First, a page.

Whilst the idea behind Douglas Baker’s adaptation of the Mikhail Bulgakov classic is original and enticing, and the production is coupled with some interesting and interactive technical feats, So It Goes’ production of The Fatal Eggs didn’t quite crack it for me.
Art imitating life. Baker’s adaptation juxtaposes Bulgakov’s 1924 novel against the author’s life to highlight how he often wrote himself into his work. However, Baker also wants to create a wider “satire on the incompetence of governments, fear mongering media institutes and a complacent, ignorant populace”. Quite a lot to accomplish in 60-minutes within the small confines of the Baron’s Court Theatre. Unfortunately, the idea never quite feels fully realised.
After an ethereal and somewhat post-apocalyptic opening, we’re introduced to Mikhail Bulgakov (Alex Chard) and the main character of his Fatal Eggs Vladimir Persikov (Lucie Regan), along with two chorus members (Ben Howarth and Fiona Kelly). The plot moves quickly to cover the background needed to understand the play; and there is a lot of plot to cover. One suspects that Bulgakov’s 160-page science fiction novel The Fatal Eggs would be hard enough to understand in any one-hour play, let alone when it is woven into an overarching biographic narrative of Bulgakov’s life. There is a depressive author, mad scientist, ‘life ray’, and mutant snakes – not to mention commentary on Government control and fear mongering media.
The techniques used in So It Goes’ production also do not make it easy for the audience to grapple with. Fluid characters and multiple theatre mediums including interactive technology (albeit executed impressively), interpretive dance, comedy, satire, and straight theatre left my head spinning – and made it difficult to pay as much attention as felt necessary to what the play was actually telling me. The interaction between all these mediums, such as Kelly’s comedic caricature of a Russian SS operative (with a clumsy Russian accent and all), left the audience unclear about whether to laugh or sit in silence. It also meant that the moments of impact and seriousness were lost.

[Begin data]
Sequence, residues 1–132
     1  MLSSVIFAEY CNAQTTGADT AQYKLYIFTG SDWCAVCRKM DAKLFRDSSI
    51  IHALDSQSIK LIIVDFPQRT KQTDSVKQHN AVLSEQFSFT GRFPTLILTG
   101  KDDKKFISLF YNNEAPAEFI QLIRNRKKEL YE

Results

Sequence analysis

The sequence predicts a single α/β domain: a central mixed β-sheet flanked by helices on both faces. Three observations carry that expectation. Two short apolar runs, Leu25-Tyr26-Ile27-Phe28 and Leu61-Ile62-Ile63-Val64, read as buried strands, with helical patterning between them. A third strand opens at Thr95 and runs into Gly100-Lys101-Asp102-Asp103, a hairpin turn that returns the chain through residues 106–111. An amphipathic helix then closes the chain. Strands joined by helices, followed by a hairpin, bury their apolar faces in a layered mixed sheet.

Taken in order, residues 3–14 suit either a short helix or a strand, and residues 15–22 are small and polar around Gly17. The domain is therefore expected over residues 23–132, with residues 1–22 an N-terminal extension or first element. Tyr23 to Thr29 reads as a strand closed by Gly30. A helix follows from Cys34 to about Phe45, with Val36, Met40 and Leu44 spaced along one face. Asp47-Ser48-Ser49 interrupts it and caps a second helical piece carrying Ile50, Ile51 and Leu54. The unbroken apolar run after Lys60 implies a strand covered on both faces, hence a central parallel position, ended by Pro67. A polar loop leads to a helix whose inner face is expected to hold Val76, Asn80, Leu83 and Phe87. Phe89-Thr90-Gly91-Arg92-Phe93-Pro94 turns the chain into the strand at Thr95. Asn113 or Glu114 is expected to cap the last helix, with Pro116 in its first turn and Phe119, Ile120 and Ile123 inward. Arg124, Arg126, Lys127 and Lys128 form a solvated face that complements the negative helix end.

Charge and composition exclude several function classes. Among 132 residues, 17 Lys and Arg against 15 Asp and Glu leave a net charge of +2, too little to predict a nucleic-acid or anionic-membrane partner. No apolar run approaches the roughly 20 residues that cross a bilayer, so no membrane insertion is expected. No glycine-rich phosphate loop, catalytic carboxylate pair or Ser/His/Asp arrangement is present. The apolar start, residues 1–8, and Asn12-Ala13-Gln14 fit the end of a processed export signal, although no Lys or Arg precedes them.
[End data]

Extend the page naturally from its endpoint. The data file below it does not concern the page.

This was especially true in the production’s climax, where the connection between Bulgakov and his invented character of Persikov are brought out into the open. The two storylines finally merge and culminate in a voiceover depicting the pitiless nature of Government agendas and ‘CONTROL’ written in large pink lettering on the interactive backdrop. The Brexit undertones were not lost on the audience and the obvious nature of the narrative meant that it was hard to take it seriously.
A few bright sparks rose above the confusing script and occasionally clunky direction though. Alex Chard is one to watch out for in future: his Mikhail Bulgakov is clearly defined and performed well, delivering the epilogue with candour and conviction. Ben Howarth also gives a compelling performance with notable moments. I couldn’t help but feel that Lucie Regan and Fiona Kelly let the side down with poor delivery and overacting throughout though. This really should, or could, have been curtailed by better direction.
I didn’t mind the delve into Russian literature on a Wednesday evening (an unknown quantity for me) and maybe if I was a Bulgakov super fan I would’ve liked it a little more and picked up on more detail. But this time, as a member of a more generalised audience, the majority of So It Goes’ production just wasn’t quite working for me.